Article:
How China's Probe of GlaxoSmithKline Could Play Out

Tickers in this article: GSK
TAIPEI, Taiwan (TheStreet) -- Chinese police are investigating GlaxoSmithKline and making arrests related to allegations that employees paid bribes to sell drugs.

The Chinese Ministry of Public Security's probe over the past month also involves possible tax-related violations and has widened to include common employees of the British pharmaceutical giant as well as in-country management, official media say.

Eighteen people were arrested last week, China's official media reported.

I won't offer an opinion on what the company did or didn't do.

But if the courts say laws were broken, what happens to GlaxoSmithKline will probably follow one of three formulas for foreign multinationals facing legal problems in China.

Scenario 1. GSK has enough experience in China to know it should cooperate with investigators and keep a low public profile. Violations of the sort suspected in the current probe are considered standard operating procedures for Chinese companies. But if a foreign firm gets charged, despite any history of living closer to the law than its local peers, the charges stick at least in the media because China's ubiquitous nationalism favors local firms over foreign rivals.

Consider Foxconn (2317.TW), a Taiwanese consumer electronics assembler. A rash of suicides in 2010 and a mass worker strike hurt its public image and raised questions about labor conditions. One answer seeker was Apple , which had hired Foxconn to make consumer electronics in China.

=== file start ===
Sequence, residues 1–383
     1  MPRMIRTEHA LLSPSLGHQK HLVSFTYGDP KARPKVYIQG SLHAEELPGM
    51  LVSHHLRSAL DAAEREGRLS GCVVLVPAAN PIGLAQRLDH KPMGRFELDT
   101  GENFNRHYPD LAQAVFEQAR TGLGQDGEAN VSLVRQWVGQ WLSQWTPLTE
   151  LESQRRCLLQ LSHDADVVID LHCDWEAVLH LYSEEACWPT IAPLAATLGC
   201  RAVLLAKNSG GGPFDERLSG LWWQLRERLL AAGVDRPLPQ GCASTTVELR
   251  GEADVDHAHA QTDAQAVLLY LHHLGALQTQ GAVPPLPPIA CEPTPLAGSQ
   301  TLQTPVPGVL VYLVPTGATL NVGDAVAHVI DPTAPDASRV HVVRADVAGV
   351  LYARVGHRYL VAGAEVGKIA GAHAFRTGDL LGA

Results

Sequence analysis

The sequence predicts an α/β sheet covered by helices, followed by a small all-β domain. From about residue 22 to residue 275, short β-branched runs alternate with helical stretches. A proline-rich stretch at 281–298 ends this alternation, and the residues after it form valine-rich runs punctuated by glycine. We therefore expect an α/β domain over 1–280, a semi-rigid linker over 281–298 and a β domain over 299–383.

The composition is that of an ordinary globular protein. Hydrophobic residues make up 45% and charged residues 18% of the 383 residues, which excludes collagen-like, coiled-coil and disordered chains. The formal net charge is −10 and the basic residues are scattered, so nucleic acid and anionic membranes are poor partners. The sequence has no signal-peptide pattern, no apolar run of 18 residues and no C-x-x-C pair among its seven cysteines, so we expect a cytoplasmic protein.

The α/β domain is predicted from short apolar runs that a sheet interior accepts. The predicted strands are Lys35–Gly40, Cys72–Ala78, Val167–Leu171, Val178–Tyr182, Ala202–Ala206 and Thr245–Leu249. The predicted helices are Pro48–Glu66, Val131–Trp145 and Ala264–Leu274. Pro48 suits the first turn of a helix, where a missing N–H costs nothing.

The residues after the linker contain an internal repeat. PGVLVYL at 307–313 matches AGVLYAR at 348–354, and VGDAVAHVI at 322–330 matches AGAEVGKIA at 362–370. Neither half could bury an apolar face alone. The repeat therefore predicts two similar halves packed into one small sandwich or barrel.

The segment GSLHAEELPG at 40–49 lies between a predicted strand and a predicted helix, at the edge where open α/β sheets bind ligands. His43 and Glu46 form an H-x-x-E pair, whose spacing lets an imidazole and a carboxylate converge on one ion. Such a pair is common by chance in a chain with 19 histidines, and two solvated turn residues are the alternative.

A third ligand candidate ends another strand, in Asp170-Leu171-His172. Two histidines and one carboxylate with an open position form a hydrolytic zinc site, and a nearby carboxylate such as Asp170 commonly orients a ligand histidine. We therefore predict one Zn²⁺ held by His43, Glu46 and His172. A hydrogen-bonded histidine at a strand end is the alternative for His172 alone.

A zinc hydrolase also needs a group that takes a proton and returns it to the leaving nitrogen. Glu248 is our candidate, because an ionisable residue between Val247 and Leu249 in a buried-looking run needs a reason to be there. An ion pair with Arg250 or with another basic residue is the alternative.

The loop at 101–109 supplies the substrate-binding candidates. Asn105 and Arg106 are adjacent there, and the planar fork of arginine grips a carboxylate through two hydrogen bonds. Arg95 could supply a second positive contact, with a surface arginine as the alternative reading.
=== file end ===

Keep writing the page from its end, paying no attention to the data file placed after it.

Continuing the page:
Analysts said at the time mainland Chinese firms were treating workers worse than Foxconn, but none faced the same scrutiny.

In November last year, labor rights activists accused Samsung Electronics of hiring girls as young as 16 at two China plants and requiring workers to sign blank contracts. The allegations grabbed attention because Samsung is a global brand. What about its local counterparts?

GSK, one of the world's biggest pharmaceutical makers, shows signs of working with Chinese authorities. If that cooperation goes well, the company might need to pay a fine and develop a well-publicized internal cure for whatever legal ailments that that the police find. Its executives have condemned whatever happened but not explained the acts in much detail.